The permits will be extended to people who have less visible disabilities, such as anxiety or dementia, in a bid to make journeys more accessible.
The Department of Transport have announced that the changes to the blue badge scheme will come into place from August 30 this year.
These new guidelines for the parking permits are the biggest shake up since 1970 and the government says that it will offer a lifeline to people who often find road travel difficult.
Transport secretary Chris Grayling said: “As a society we don’t do enough for people with hidden disabilities.
“I hope this change to Blue Badge guidance will make a real difference to people’s lives.”
Here is all you need to know:
What is changing with the blue badges?
The parking permit scheme is being extended and will allow millions more to be able to apply for one.
People who suffer from hidden disabilities will now be eligible for blue badges.
This includes those suffering from autism, mental health conditions such as anxiety disorders and dementia.
Who will be eligible for blue badges now?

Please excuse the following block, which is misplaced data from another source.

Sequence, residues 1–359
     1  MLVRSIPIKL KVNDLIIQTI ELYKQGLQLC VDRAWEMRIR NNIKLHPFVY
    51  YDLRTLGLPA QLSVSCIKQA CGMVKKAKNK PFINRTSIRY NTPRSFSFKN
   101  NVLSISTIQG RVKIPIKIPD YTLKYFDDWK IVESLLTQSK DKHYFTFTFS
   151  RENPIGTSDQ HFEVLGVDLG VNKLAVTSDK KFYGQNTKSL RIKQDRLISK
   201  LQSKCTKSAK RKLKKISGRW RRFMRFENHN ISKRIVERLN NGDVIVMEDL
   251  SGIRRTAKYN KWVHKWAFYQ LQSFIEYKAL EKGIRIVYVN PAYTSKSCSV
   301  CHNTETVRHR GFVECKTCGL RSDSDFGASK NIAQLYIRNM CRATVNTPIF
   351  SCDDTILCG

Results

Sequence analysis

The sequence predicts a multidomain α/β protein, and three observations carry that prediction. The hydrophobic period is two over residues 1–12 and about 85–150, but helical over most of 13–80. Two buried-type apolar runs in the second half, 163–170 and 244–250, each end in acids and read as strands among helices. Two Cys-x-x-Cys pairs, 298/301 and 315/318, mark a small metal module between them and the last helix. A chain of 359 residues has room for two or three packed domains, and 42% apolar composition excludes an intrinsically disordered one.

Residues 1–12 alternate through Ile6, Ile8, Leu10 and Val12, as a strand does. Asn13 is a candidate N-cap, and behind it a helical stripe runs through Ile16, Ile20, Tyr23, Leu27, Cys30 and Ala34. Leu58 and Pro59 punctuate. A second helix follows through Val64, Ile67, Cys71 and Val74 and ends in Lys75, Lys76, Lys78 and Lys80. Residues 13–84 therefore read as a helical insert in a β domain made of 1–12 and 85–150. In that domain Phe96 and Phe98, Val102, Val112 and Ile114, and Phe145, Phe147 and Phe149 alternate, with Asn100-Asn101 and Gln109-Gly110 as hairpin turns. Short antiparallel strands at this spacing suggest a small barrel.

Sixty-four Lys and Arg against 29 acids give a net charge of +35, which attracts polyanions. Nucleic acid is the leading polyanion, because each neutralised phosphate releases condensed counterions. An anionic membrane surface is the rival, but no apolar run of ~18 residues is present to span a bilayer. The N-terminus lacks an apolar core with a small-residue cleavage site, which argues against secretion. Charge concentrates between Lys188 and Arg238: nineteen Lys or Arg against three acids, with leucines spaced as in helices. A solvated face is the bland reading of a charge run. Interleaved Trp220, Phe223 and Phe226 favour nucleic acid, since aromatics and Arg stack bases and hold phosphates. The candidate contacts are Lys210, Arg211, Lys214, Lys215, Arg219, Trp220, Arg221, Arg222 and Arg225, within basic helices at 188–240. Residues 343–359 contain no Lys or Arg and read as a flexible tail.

The new criteria will extend eligibility to people who:
- cannot undertake a journey without there being a risk of serious harm to their health or safety or that of any other person (such as young children with autism)
- cannot undertake a journey without it causing them very considerable psychological distress
- have very considerable difficulty when walking (both the physical act and experience of walking).
Although people with non-physical disabilities are not excluded from receiving a Blue Badge, the current rules are open to interpretation. The new criteria will give clear and consistent guidelines on Blue Badge eligibility for the whole of England.
The expanded scheme coincides with the launch of a new task force to toughen up enforcement and help councils tackle fraudulent use of the badges.
When do the changes come into force?
People with hidden or less visible disabilities will be eligible for blue badges from August 30 this year.